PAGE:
News In Brief

By , Lance Carden, and Yvonne Zipp

THE US

President Clinton and Republican challenger Bob Dole were to go head-to-head in Hartford, Conn., in the first of two debates. Analysts said Dole needed a decisive victory to give him a boost in polls. Recent polls have shown him to be as many as 20 points behind the president, although he has pulled close in several target states recently.

The Supreme Court opens the 1996-97 session today with a docket ranging from whether states can ban doctor-assisted suicide to whether a sexual harassment case against Clinton can go forward while he is in office. Other cases include deciding if states may keep sexual predators locked up after they've completed prison sentences and whether states can make English the official language.

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The war on drugs lacks "true leadership" and an organized strategy, according to a secret FBI memo cited by Clinton. But Clinton says the problems predate his administration and that new drug czar Barry McCaffrey has improved government efforts - partly in response to the memo. (Related story, Page 1.) Clinton has refused Dole's and congressional Republicans' request to release the memo to lawmakers. Dole's spokesman asked: If the memo isn't critical of the president's policies, why is he "cowering behind executive privilege?"

The 104th Congress adjourned after passing legislation authorizing dozens of federal parks and land exchanges and funding the FAA for the next two years.

The US agreed to pay about $660 million - more than one-third of its UN dues, a US official said. The US owes up to $1.8 billion and Washington's delay in paying up has contributed to the UN's cash crisis. The omnibus spending bill signed by Clinton last week reportedly included $330 million for the UN's regular budget and $330 million for peace-keeping. The money is expected to be paid by January.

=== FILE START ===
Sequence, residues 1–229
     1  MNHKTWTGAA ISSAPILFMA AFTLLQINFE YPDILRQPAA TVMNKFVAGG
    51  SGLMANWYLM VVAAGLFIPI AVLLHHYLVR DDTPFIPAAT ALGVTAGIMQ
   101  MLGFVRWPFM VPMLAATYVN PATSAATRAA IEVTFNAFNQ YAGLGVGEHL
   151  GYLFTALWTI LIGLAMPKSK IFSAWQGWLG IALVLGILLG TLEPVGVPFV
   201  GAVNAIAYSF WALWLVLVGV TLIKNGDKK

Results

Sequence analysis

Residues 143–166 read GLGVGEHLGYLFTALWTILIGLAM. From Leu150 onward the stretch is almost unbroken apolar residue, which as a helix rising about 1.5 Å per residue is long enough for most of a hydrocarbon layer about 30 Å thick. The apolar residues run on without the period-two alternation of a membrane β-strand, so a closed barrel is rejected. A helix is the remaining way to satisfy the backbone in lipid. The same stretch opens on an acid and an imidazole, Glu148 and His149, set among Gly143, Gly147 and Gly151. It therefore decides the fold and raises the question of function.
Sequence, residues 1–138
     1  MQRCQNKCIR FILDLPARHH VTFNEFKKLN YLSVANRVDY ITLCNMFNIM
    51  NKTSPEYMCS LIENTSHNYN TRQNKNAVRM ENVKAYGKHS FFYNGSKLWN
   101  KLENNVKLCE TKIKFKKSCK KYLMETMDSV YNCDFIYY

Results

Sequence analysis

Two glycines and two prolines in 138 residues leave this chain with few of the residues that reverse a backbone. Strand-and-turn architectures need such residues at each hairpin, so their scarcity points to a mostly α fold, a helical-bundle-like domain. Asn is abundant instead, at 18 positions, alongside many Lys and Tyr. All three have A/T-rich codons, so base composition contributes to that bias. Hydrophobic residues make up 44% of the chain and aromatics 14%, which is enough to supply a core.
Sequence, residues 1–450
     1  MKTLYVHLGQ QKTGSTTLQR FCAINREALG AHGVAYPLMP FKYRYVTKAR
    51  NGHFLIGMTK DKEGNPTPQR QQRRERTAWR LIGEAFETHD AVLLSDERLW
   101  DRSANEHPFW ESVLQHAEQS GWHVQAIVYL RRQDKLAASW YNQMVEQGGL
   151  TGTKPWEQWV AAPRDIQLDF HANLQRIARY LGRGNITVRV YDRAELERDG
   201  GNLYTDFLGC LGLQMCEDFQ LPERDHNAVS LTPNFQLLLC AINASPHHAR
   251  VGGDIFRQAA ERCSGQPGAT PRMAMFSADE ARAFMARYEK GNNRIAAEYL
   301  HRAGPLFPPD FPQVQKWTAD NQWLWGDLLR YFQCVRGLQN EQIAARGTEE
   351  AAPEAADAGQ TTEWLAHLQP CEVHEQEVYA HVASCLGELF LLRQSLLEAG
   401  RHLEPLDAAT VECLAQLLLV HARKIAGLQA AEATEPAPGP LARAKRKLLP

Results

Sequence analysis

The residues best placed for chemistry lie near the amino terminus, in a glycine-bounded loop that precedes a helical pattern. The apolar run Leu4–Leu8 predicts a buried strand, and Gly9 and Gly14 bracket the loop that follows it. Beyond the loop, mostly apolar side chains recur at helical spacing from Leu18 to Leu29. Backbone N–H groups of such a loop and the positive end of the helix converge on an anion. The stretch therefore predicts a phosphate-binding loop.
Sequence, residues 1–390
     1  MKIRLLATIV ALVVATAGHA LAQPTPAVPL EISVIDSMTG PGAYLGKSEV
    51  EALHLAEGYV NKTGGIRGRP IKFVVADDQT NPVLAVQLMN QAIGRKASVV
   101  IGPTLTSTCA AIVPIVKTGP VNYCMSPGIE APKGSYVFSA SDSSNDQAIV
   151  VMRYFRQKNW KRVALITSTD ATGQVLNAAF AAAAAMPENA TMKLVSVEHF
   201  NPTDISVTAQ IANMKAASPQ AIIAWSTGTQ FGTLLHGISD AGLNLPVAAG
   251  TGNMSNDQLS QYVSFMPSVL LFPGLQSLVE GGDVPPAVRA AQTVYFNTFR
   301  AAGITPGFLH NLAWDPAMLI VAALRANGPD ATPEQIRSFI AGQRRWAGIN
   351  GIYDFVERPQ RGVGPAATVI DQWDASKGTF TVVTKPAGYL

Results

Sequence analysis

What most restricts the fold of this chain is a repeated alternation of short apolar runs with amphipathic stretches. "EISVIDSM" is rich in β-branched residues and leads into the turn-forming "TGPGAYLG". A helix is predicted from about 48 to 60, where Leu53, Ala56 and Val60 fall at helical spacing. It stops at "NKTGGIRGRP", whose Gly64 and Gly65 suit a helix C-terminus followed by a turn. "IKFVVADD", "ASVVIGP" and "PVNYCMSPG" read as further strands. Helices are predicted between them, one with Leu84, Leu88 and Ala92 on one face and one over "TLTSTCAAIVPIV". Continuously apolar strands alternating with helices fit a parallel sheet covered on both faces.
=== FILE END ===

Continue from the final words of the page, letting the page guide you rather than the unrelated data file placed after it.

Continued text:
A 1943 anonymous letter to FBI head J. Edgar Hoover unmasking wartime Soviet spies prompting the FBI to focus on ways to combat Soviet spying, according to the intelligence agencies. The letter alleged that a Soviet husband-and-wife diplomatic team, were spies. No action was taken against Vasily Zarubin or his wife.

The number of babies born to unwed mothers dropped last year for the first time in almost 20 years, the Centers for Disease Control reported. The 4 percent drop in the out-of-wedlock birth rate was tied to a drop in the teenage birth rate - the fourth such decline since 1991.

A Los Angeles jury convicted three followers of the freemen anti-government group of all but one count of conspiracy, fraud, and money-laundering. Elizabeth Broderick, Julian Cheney, and Barry Switzer were found guilty of selling $800 million worth of "comptroller warrants" designed to look like US Treasury checks.

Putting a new wrinkle in the FBI files scandal, former White House employee Mari Anderson told Senate investigators that scores of background files on prominent Republicans were obtained after their names had been deleted from a list used to order the files. Anderson said the names were inked out in September 1993 - several months before the files were improperly obtained, Judiciary Committee Chairman Orrin Hatch said.

A class-action suit was filed in Los Angeles against Unocal Corp., Total, and Burma's military government for alleged human-rights abuses during construction of a natural gas pipeline. It is the second lawsuit in a month alleging Unocal knowingly cooperated with the Burmese junta.

Unemployment edged up slightly in September to 5.2 percent. Also, the stock market resumes trading today after climbing more than 50 points into record territory and flirting with the 6,000 milestone on Friday.

THE WORLD

Israeli-Palestinian talks in the Gaza Strip were expected to focus on the role of Israeli troops in the West Bank town of Hebron. In a bid to ease tensions prior to the meeting, Israel lifted a 10-day curfew on the city and pulled back tanks from other areas of the West Bank. The move came as US Secretary of State Warren Christopher flew to Israel for talks with both Israeli and Palestinian leaders. Also, Israeli warplanes hit guerrilla bases in southern Lebanon after an Israeli-allied militiaman was killed in ground fighting.